Human After All: the Struggles of Famous Addicts

Celebrities seem to have it all. The reality becomes glaringly clear though when we hear the truth. Their struggles with relationships, money, and substances make us realize that famous people are human after all.

It’s never fun to hear about another entertainer who just could not stop abusing drugs and alcohol, or engaging in dangerous behaviors, but it does make them more real people.

The most recent, and sad, story of this reality check is Cory Monteith, the guy who played Finn on the TV show Glee. He was only 31, but battled serious addict for years. Cory went to rehab a few times, seemed to be making changes, but then was found dead in his hotel room after, what has been identified, as an alcohol-mixed-with-heroin overdose.

Cory’s love for acting could not provide enjoy self-worth and confidence to outweigh the addiction that constantly told him substances were needed to feel good. When Glee creator, Ryan Murphy, learned of Cory’s current drug use, he staged a formal intervention. Cory responded well, and expressed a desire to get well. Ryan believed him, and assured Cory that post-rehab, your job is here.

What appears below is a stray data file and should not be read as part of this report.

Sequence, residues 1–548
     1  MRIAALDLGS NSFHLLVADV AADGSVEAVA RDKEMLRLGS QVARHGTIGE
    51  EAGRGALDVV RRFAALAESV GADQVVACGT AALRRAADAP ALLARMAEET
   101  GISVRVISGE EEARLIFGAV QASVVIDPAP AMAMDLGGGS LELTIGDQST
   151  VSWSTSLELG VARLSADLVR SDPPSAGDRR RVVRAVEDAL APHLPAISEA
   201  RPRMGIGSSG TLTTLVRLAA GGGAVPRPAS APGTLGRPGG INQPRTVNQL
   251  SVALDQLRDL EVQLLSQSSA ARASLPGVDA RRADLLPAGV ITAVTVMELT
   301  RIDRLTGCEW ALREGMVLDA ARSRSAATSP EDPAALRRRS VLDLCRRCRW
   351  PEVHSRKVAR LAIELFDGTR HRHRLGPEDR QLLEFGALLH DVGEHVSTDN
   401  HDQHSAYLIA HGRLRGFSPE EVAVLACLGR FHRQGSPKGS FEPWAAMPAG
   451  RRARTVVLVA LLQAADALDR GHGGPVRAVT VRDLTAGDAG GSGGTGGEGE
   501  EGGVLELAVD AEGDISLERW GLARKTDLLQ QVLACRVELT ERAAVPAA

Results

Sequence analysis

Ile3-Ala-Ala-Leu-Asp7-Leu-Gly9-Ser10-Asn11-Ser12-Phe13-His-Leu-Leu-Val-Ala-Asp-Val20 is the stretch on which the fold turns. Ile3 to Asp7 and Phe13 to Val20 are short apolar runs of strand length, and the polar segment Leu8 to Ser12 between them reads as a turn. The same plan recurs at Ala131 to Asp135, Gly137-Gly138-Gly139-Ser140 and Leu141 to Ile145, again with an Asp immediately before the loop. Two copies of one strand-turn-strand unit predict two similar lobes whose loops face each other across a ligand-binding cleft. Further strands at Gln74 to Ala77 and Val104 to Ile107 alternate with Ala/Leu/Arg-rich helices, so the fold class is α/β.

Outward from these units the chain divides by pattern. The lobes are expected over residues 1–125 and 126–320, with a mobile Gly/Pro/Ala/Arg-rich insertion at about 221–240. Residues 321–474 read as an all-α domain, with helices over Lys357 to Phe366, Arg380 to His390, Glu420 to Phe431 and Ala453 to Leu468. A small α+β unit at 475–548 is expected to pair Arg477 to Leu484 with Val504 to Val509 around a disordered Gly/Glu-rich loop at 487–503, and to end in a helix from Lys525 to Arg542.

The struggle of famous addicts, like Cory and countless others who have lost the battle, show us just how precious life is, and how rehab is not a guarantee of sobriety.

Amy Winehouse, Heath Ledger, Brittany Murphy, and now Cory Monteith are this generation’s examples of addiction winning.

Lindsay Lohan, Charlie Sheen, and Amanda Bynes are examples of celebrities who do not seem worried about death. Without legal intervention, and in Lindsay’s case, forced rehab, it appears that “rock bottom” for each would be tragic.

There are many success stories in Hollywood too. Several famous addicts like Drew Barrymore, Robert Downey Jr., and Nicole Richie are great examples of success in recovery. Each was on a dark path to death, but with a daily dedication to sobriety, these celebrities have found sustained recovery.

What makes rehab successful for one addict and not another? Just like the rest of us, there has to be a willingness to change and a strong dedication to creating a different life. A solid support system is important. Sober peers, 12 Step fellowship, and an ability to open up and trust others lays the foundation for recovery.

No one can make it from addiction to recovery alone. Celebrities need other people, structure, and accountability just like the rest of us. We are all only human after all.

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